In his appearance before the House Oversight Committee in late February, President Trump’s former fixer Michael Cohen saved his most disturbing words for his concluding statement, when he said he fears that if Trump loses the 2020 election, “there will never be a peaceful transition of power.” Cohen did not elaborate, and the committee members had no opportunity to pose follow-up questions. But imagine, for example, a catastrophic terrorist attack that prompted Trump to declare a national emergency with the support of congressional Republicans, the conservative majority on the Supreme Court, and Fox News, Breitbart, and countless websites. In such circumstances Cohen’s scenario is not utterly inconceivable.
In If We Can Keep It, Michael Tomasky raises no alarms about the prospects of a Trumpian coup, but like Cohen he believes that the republic is deeply imperiled. For Tomasky, though, Trump and his supporters are not the sole or even the biggest threat. “Chapter for chapter,” he writes, “most of this book could have appeared just as it now stands no matter who became president.” He is more troubled by the partisan polarization and consequent dysfunction that made Trump’s presidency possible.
In accounting for the dysfunction, Tomasky sometimes offers a version of today’s blander political punditry, which holds that we have become polarized because the middle has fallen out of American politics. His formulation speaks of the decline of what he calls “intraparty polarization”—that is, of the strong differences inside the major parties that have traditionally tempered polarization between the parties. As both parties have become more ideologically homogenous, he observes, opportunities for cross-party alliances have vanished; “now,” he writes, “we have party tribalism.” Caught up in that tribal warfare, “more and more Americans”—those whom pundits are constantly pointing to as the missing middle—“are turned off by parties.” Meanwhile, in a vicious spiral, both sides become ever more fervent in demonizing their adversaries.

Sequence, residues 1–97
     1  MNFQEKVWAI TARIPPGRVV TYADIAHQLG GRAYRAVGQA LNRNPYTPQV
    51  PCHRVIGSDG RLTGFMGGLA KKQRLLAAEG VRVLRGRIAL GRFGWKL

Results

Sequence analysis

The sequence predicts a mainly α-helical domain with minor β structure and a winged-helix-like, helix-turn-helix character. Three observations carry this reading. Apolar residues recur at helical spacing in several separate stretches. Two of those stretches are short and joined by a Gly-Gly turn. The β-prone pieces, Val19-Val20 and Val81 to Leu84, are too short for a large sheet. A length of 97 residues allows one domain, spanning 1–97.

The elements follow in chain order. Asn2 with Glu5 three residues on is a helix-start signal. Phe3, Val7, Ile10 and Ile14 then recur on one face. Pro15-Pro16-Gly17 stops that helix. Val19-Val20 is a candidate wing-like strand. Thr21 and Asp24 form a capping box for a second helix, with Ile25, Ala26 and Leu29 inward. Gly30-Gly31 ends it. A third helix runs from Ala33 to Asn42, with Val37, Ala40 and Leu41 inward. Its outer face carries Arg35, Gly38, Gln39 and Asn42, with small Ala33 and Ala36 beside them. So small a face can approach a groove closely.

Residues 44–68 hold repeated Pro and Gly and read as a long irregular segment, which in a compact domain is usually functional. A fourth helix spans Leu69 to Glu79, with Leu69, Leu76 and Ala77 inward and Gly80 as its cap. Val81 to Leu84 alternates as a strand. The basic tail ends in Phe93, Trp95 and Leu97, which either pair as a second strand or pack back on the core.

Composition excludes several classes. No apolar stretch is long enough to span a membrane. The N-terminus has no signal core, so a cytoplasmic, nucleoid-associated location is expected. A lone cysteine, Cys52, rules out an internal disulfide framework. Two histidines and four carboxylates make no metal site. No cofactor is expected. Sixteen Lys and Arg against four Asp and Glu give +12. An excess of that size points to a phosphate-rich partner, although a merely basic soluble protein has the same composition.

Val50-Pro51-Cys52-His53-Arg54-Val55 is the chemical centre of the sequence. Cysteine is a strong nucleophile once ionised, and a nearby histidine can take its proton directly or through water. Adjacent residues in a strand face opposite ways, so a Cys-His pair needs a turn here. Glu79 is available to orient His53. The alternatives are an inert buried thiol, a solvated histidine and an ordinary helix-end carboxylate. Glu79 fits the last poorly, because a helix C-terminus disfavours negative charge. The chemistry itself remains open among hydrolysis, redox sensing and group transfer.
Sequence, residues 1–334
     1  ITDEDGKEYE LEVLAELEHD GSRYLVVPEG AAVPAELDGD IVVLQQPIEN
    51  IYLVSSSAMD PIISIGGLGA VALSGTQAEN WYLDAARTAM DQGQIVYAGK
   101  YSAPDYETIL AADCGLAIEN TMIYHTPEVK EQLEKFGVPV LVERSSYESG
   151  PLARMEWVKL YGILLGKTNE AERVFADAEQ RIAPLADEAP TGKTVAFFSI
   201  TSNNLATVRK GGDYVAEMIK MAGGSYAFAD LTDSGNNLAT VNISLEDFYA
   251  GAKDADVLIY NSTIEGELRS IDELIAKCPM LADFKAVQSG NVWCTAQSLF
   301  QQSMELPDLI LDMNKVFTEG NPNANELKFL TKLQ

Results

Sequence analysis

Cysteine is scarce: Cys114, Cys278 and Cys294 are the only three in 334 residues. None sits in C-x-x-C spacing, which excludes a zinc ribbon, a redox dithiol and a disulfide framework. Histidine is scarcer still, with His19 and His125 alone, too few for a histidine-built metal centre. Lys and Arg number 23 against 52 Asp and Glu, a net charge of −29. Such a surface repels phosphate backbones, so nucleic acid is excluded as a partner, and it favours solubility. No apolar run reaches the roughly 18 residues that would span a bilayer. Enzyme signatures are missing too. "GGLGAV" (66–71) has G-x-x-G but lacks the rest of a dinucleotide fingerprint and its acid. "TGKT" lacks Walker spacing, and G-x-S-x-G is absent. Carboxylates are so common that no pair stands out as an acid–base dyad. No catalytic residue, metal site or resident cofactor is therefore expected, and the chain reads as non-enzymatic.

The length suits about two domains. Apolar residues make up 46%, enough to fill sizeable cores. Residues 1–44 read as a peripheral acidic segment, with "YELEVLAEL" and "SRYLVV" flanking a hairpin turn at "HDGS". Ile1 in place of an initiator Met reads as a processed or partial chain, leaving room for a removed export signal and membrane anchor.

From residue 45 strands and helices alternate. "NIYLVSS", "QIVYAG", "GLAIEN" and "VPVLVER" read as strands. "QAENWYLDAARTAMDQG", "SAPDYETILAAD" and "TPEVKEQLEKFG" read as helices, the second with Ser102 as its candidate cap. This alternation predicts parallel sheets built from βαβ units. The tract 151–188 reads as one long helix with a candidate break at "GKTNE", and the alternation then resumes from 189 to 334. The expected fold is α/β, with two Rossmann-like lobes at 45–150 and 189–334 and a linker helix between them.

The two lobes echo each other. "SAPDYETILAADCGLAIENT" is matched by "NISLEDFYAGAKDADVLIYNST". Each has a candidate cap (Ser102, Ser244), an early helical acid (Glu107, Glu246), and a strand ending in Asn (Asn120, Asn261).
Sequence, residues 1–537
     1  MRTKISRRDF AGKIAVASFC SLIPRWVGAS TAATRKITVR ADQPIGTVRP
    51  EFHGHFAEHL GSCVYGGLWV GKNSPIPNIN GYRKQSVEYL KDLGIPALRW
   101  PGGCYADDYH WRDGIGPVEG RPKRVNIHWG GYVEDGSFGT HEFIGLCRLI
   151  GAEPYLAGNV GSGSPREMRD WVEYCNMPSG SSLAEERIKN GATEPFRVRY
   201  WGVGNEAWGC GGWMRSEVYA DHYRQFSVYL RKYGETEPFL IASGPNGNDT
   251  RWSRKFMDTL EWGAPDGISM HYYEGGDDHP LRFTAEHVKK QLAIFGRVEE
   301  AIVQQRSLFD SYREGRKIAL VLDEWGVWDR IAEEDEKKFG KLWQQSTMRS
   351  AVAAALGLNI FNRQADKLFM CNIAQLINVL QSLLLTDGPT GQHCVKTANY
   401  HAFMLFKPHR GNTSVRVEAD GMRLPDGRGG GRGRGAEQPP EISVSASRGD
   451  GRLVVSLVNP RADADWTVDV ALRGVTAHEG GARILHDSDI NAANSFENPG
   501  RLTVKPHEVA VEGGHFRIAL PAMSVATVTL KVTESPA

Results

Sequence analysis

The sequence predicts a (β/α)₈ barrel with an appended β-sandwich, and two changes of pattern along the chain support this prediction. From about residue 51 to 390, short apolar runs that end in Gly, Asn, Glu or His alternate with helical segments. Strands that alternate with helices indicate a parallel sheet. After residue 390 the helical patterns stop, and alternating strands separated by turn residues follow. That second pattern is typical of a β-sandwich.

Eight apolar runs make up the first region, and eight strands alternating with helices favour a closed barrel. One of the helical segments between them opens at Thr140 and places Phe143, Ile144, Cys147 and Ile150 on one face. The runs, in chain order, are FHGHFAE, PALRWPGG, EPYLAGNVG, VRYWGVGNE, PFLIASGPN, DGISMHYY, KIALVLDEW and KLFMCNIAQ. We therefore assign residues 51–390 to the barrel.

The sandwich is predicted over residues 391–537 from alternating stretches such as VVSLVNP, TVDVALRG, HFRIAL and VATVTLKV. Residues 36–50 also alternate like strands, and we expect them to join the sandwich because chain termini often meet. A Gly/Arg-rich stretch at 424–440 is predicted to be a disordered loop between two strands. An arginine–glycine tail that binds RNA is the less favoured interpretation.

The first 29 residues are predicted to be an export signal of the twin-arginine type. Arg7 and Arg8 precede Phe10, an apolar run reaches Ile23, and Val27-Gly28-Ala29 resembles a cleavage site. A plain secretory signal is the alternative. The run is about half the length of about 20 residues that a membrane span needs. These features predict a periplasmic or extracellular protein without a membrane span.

One weakness of this kind of formulation is that it substitutes a description of current divisions for an analysis of how they came about. To assert that parties are more polarized today because they are no longer the broad coalitions they once were is an improvement over simply saying that the center has disappeared, and it adds useful historical insight, but it still comes very close to being tautological. By implication, it also holds Democrats as well as Republicans responsible for the collapse of political cooperation, if not necessarily to the same degree. The conventions of faux objectivity demand finding fault with both sides for today’s polarization, if only to avoid being dismissed as partisan, and when Tomasky pays lip service to those conventions, even faintly, it weakens his analysis. At his strongest, though, he forthrightly indicts the Republican Party as the chief malefactor in creating and exploiting the country’s divisions.
Numerous previous commentators, from divergent political positions, have contributed to the…
This is exclusive content for subscribers only.
Try two months of unlimited access to The New York Review for just $1 a month.
Continue reading this article, and thousands more from our complete 55+ year archive, for the low introductory rate of just $1 a month.